Friday, October 03, 2008

German Unity Day

Today is German Unity Day.  I've been looking for commemoration ceremonies in Bonn which used to be the capital of West Germany.  It seems the celebration (and parties?) are centered this year in Hamburg.  The commemoration is hosted by a different city each year.

What is the German concept of unity and nationalism?  At least I see its manifestation everyday. Outside town halls, in cars, gardens, in my office, and of course, in international football games, the tri-band German flag is a common sight.  In the Philippines, you can't see this national pride in practice, probably because it is considered baduy (out of style, uncool) to show one's nationalism.  Although we sing our national anthem in school every morning and in public offices and universities on Mondays.  Come to think of it, we're not any less nationalistic: Germans just do it visually, while we do it orally!


Anonymous said...

I think the nationalism Germany expresses these days doesn't feel uncool or out of style because such visual displays emerged relatively recently, especially during the world cup a few years ago. Before then, it was extremely uncool to wave the schwartz-rot-gold.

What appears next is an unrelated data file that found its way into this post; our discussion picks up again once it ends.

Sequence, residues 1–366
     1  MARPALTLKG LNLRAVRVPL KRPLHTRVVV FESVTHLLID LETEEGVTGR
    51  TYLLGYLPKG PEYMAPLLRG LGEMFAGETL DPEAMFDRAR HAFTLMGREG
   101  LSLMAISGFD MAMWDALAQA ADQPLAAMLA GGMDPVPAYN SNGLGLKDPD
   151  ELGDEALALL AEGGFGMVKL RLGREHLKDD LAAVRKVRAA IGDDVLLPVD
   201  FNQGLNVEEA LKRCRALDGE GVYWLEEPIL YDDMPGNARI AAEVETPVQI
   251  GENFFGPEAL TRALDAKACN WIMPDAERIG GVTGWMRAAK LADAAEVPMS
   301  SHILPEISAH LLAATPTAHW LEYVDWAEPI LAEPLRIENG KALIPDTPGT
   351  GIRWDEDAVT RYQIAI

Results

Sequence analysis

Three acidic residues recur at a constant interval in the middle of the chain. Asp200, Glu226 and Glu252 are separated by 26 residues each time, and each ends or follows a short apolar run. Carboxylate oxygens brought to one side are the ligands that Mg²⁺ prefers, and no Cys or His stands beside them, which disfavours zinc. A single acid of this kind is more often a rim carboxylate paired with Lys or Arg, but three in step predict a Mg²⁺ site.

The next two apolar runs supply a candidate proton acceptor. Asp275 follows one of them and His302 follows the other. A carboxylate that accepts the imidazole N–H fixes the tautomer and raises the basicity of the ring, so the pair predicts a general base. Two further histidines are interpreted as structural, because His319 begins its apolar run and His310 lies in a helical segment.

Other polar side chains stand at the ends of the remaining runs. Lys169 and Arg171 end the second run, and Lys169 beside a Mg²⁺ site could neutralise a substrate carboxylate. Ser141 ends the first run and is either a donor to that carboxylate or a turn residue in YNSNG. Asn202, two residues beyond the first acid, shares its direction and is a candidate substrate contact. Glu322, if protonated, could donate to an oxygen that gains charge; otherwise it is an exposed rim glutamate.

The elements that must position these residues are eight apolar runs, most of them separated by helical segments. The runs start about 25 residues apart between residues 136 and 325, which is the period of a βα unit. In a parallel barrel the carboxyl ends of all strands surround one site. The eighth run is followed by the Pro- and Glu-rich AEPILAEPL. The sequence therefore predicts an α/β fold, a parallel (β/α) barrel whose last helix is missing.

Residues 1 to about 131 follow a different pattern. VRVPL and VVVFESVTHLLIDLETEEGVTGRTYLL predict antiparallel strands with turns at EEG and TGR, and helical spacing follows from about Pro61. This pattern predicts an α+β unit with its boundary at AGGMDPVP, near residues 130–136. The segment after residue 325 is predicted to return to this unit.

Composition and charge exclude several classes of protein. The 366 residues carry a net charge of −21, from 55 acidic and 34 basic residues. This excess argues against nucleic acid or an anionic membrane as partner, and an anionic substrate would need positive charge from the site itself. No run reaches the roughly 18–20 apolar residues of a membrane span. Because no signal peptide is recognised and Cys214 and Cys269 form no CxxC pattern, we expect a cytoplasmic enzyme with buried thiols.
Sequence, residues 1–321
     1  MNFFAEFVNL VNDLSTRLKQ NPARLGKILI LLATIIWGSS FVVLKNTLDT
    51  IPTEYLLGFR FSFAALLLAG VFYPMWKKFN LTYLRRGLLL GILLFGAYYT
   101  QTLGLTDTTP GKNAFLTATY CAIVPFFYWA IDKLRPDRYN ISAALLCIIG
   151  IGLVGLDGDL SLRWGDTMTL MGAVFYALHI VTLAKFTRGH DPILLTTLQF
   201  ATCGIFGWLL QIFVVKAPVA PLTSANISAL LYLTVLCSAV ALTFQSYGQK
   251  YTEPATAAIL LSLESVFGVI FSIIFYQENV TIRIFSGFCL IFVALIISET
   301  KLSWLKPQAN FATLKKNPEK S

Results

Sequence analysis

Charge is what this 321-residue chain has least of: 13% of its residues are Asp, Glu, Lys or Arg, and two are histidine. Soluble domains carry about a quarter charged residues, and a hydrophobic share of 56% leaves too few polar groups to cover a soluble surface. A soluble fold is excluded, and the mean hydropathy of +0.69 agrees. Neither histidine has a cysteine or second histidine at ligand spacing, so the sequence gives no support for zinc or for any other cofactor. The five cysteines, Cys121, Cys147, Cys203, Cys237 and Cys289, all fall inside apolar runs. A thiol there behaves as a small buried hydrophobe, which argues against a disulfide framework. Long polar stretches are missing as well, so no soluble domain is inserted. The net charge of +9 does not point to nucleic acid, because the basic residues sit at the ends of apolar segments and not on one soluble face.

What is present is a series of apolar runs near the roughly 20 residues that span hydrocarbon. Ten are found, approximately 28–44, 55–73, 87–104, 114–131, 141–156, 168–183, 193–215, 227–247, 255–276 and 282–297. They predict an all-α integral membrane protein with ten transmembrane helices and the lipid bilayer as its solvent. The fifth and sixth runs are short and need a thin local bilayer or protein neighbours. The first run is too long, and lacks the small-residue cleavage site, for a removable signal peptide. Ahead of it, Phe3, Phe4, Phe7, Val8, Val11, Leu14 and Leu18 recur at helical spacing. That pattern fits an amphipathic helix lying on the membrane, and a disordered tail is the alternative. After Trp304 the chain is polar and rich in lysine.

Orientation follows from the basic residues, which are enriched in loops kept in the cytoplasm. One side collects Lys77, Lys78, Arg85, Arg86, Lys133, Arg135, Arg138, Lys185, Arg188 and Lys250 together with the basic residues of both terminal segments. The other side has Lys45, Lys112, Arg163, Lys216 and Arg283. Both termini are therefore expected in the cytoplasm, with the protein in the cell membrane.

Since the end of WWII when German nationalism became a signature symbol of hate, obedience to authority, and groupthink, the flag carried a strong burden of ambivalance--on one hand fierce German identity and on the other a reminder of the dark past when people rallied under a flag against the world.

More than 60 years later, the many Germans who feel comfortable waving their flag aren't by default labeled a nazi.

jadz said...

Thank you for this explanation. It is interesting how sports bind a nation together and promote nationalism. We feel the same, even at least for a few days, when Manny 'Pacman' Pacquiao, win a boxing match, but without the flag-draping.